“There’s tears, tears of joy, raw emotion - people have waited a long time,” referendum Chairman Bertie Ahern said.
South Pacific islands of Bougainville have overwhelmingly voted to obtain independence from Papua New Guinea, the referendum commission said Wednesday.
Almost 98 percent of the 181,067 votes cast upheld independence in a historic poll that is part of a peace deal struck in 1998 after a decade-long war between Bougainville’s rebel fighters and the Papua New Guinea Defence Force (PNGDF).
"Around 85 percent of the total people on the referendum roll have cast their vote in an environment that was conducive to a free, fair and credible process," said the commission's chairman Bertie Ahern ahead of the result.
Voters in Bougainville had to choose between full independence and greater autonomy, just 3,043 voters backed the second option.
“There’s tears, tears of joy, raw emotion - people have waited a long time,” Referendum Chairman Bertie Ahern said in the town of Buka adding that “the pen is always mightier than the sword.”
Pajomile Minaka, from Bougainville’s southern region, told Reuters he was taking a law course to equip himself to help rebuild his homeland.
“That’s my dream, to go and rebuild,” said the 36-year old, who was a child during the conflict. “We need the best policies, the best laws, to be the best country. We are reborn.”
The comprehensive vote will serve to strengthen separatists as they start discussions on the terms of the independence with the Papua New Guinea government. Any agreement reached between both sides in the talks would still need to be ratified by Papua New Guinea's parliament.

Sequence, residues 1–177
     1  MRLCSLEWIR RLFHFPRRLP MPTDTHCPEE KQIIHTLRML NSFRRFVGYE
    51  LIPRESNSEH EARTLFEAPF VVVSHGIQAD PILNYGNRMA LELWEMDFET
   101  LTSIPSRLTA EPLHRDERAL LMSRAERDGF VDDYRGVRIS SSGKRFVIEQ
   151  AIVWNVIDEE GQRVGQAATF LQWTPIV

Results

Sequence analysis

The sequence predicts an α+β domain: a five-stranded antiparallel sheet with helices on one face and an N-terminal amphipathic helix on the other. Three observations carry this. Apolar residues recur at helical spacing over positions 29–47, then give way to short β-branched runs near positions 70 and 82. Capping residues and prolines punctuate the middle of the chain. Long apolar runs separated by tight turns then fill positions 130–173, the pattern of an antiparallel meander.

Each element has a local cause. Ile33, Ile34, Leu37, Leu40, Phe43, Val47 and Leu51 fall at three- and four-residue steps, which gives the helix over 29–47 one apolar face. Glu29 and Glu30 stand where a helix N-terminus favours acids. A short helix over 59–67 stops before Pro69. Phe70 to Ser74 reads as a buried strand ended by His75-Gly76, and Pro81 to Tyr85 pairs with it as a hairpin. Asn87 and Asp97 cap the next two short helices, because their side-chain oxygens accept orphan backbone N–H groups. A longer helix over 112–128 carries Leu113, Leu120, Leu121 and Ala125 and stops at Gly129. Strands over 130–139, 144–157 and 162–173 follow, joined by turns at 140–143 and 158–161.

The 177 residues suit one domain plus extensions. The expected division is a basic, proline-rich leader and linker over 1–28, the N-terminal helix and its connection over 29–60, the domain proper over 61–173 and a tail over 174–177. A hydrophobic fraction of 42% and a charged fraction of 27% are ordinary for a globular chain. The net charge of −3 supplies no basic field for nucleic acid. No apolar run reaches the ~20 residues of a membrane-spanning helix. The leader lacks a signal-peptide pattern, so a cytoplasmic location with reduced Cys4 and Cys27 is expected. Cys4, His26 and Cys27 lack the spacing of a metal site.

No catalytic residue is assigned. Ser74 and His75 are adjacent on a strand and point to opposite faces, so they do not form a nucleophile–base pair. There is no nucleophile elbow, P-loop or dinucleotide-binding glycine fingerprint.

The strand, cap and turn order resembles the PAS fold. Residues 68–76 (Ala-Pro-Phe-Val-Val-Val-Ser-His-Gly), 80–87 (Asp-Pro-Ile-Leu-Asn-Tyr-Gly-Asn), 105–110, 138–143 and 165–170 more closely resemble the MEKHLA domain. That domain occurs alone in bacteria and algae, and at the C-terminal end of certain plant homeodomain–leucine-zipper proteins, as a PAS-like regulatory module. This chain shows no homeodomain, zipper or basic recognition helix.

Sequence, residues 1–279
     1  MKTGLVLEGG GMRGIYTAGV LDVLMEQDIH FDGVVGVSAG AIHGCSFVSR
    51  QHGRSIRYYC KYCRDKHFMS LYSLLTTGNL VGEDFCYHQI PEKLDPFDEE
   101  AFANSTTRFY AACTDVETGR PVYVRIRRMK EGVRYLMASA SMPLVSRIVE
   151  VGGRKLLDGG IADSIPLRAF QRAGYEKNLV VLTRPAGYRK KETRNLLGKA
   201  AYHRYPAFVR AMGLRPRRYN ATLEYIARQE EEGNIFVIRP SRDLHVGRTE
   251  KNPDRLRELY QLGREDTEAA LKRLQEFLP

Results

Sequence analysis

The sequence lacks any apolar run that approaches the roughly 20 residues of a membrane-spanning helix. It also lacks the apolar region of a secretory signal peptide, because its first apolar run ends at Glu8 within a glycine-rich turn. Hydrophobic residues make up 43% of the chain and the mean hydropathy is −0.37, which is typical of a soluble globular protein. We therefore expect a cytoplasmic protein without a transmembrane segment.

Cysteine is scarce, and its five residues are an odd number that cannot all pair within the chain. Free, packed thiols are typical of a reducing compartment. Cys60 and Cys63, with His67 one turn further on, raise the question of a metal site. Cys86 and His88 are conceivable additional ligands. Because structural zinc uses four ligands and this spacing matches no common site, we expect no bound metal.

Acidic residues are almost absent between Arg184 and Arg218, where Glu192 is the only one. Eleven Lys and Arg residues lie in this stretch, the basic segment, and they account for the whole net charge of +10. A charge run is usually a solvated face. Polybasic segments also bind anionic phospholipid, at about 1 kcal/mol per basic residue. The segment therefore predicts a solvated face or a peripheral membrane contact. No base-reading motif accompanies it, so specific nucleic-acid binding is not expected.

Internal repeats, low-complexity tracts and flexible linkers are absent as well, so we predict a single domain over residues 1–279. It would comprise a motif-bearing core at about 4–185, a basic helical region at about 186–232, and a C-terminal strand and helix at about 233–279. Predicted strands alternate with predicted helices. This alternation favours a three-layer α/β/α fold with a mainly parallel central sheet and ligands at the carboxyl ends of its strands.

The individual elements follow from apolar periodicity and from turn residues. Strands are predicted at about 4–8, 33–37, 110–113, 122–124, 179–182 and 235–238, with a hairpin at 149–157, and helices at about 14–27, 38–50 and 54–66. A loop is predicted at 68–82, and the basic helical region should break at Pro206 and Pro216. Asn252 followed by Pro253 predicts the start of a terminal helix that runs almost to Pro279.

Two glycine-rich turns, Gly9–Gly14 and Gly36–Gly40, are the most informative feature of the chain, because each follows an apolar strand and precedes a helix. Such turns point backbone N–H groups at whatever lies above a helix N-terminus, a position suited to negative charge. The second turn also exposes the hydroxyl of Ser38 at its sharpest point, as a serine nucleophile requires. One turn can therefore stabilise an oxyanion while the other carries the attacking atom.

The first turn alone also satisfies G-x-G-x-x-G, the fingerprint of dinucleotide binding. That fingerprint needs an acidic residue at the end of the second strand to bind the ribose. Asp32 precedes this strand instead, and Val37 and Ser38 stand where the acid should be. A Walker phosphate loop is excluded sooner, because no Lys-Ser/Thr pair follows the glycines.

French explorer Louis de Bougainville arrived on the archipelago in 1768 and since, control over the islands has been transferred from Germany to Australia to Japan to the United Nations and to Papua New Guinea.
Many Bougainvilleans feel culturally closer to the neighboring Solomon Islands, with a strong provincial identity, distinct from the tribal factions of other regions of Papua New Guinea.
The 1988-1998 conflict between Bougainville and Papua New Guinea originated in a struggle over revenues from the now-shuttered Panguna copper mine, which at the time accounted for more than 40 percent of Papua New Guinea's exports. The mine is estimated to still hold more than five million tonnes of copper and 19 million ounces of gold, worth billions of dollars at current market prices.